Is This Petri Dish Looking At Me?

This story is part of an occasional series on the current progression in Regenerative Medicine. In 1999, I defined regenerative medicine as the collection of interventions that restore to normal function tissues and organs that have been damaged by disease, injured by trauma, or worn by time. I include a full spectrum of chemical, gene and protein-based medicines, cell-based therapies, and biomechanical interventions that achieve that goal.

Schematic diagram of brain organoid development

Schematic diagram of brain organoid development


One of the more significant advances in understanding human organs and cell biology is the ability to grow miniature versions of human organs in a cell culture. These are called organoids and are an emerging area of research that allows scientists to understand the root causes of diseases, how to treat them, and potentially how to rebuild the organs themselves.

Of all the organs of interest, however, the brain is possibly the most interesting and cryptic. A recent report published by scientists from the Institute of Human Genetics at Heinrich-Heine University displays significant progress in the development of not only brain organoids, but surprisingly, ones with rudimentary eyes.

Our sensory organs, particularly our eyes and our ears, are extensions of the brain. Though they are often thought of as discrete structures, the eye’s retinal cells are classified as neurons. Pure brain organoids have been grown in the past. However, because of the relationship between the eyes and the brain, researchers at Heinrich-Heine University were particularly interested in addressing the question of whether we can grow brain organoids that contain these rudimentary optic structures.

The researchers began by first forming generic brain organoids. As expected, the organoids did not form any visible optic vesicles. However, they did display genetic markers for retinal and other eye cells. This prompted the researchers to alter their approach.

Previous studies have demonstrated that a crucial signal for retinal cell development is retinoic acid. Retinoic acid inhibits brain tissue growth in the area where the optic cup develops. With this information, researchers first conditioned pluripotent stem cells to differentiate into neural cells to form the generic brain organoid. As the brain organoid was forming, they introduced retinoic acid into the cell culture.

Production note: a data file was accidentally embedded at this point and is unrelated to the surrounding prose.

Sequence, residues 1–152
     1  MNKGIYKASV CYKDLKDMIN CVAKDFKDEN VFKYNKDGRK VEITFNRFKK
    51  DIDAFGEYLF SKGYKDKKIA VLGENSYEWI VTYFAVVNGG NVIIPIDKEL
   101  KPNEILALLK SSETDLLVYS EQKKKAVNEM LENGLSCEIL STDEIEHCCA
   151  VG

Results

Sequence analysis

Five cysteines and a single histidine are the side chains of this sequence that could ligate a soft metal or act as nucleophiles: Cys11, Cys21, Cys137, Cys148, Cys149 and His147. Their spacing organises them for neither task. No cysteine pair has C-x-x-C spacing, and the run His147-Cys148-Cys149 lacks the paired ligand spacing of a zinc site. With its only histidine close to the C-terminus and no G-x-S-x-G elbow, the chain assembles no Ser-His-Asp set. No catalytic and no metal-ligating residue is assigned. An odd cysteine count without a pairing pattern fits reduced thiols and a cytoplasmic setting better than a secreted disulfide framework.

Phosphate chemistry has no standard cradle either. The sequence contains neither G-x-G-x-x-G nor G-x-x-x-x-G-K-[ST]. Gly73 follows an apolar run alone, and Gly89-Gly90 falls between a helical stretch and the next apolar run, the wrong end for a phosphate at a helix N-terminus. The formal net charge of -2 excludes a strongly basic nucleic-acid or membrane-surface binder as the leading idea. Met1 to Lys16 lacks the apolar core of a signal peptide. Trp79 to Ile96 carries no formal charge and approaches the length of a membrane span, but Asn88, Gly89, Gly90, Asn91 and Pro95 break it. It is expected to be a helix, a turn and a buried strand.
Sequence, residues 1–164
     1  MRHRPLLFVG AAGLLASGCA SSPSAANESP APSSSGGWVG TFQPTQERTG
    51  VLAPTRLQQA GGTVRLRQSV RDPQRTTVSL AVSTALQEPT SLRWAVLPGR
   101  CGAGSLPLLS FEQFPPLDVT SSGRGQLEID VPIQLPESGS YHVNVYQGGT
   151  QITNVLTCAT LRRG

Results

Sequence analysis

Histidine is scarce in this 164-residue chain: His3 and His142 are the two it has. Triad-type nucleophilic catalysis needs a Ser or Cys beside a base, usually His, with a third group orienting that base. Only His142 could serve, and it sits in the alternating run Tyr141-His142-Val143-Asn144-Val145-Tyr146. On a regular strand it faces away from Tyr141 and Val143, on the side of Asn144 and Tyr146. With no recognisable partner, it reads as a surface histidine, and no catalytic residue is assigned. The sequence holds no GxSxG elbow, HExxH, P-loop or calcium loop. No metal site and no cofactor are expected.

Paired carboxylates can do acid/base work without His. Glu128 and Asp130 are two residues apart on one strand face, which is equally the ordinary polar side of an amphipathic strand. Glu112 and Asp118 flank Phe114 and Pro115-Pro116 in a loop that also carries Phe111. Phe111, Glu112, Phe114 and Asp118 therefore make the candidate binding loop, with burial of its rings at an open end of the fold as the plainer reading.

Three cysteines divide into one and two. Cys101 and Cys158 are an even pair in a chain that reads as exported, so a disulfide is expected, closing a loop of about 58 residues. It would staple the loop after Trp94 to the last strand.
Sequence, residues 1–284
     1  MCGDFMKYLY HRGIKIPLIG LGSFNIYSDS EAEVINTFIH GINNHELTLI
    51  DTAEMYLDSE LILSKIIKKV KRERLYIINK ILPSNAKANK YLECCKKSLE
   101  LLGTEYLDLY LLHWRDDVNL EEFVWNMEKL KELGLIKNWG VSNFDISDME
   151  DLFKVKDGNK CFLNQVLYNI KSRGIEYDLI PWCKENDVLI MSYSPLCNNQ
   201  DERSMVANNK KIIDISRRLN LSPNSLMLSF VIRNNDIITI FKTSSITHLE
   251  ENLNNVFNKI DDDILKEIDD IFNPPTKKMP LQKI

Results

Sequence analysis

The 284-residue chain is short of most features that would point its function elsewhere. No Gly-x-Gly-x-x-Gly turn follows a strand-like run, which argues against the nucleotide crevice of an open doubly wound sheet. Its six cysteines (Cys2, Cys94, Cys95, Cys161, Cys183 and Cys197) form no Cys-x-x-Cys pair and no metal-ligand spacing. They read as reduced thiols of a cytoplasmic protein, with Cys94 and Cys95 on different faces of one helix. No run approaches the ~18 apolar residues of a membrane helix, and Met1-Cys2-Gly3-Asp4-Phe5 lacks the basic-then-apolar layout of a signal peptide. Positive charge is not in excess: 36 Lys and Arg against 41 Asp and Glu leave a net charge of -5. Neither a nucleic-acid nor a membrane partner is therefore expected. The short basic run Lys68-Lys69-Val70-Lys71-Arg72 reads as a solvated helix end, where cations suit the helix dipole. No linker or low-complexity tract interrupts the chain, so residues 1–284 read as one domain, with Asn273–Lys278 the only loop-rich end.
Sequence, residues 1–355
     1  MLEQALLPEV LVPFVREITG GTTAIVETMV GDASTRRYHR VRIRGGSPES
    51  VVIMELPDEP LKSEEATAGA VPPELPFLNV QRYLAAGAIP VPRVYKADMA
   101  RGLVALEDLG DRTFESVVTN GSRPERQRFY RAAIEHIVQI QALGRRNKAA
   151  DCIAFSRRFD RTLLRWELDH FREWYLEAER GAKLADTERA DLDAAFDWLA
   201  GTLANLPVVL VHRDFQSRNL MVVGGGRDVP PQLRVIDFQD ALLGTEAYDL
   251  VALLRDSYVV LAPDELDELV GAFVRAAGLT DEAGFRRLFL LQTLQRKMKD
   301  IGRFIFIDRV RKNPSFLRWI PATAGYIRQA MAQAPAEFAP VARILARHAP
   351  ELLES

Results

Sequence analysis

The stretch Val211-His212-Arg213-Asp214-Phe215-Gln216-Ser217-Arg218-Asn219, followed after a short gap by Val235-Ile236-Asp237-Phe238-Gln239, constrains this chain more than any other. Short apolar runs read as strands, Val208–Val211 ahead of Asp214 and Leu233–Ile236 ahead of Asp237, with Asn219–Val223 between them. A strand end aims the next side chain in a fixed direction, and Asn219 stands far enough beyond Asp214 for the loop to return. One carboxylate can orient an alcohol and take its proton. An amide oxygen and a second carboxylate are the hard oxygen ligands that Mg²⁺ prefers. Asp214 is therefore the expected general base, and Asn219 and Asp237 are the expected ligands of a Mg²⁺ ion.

To their surprise, after 60 days the brain organoid formed highly pigmented areas that resembled a pair of eyes. Analysis of the organoid revealed that with the addition of retinoic acid, eight different cell populations were produced. These included the generic brain organoid cell types along with cells responsible for the formation of the optic cup and cells necessary for retina development.

Not only this, but certain cells were responsive to light. In the human brain, particularly in the retina, there exist cells that will display higher or lower activity levels in the presence of light. These are called photosensitive cells. When photosensitive cells in the brain are suddenly exposed to bright lights, they are rendered inactive. After being exposed to darkness, photosensitive cells will reactivate and display normal responses to light. Researchers tested this ability in the organoids and found that they were able to recover their photosensitivity, matching the light responses of eyes in vivo.

This study is an exciting step forward not only for brain research, but also for research about the highly specialized organ of the eye. With this progress, the hope is that researchers will have the foundation to push further and begin to understand how eyes are generated. This may have a direct impact on our understanding of heritable diseases in the eyes and how to repair optic defects acquired during our lives.


Read the full article on Forbes

© William A. Haseltine, PhD. All Rights Reserved.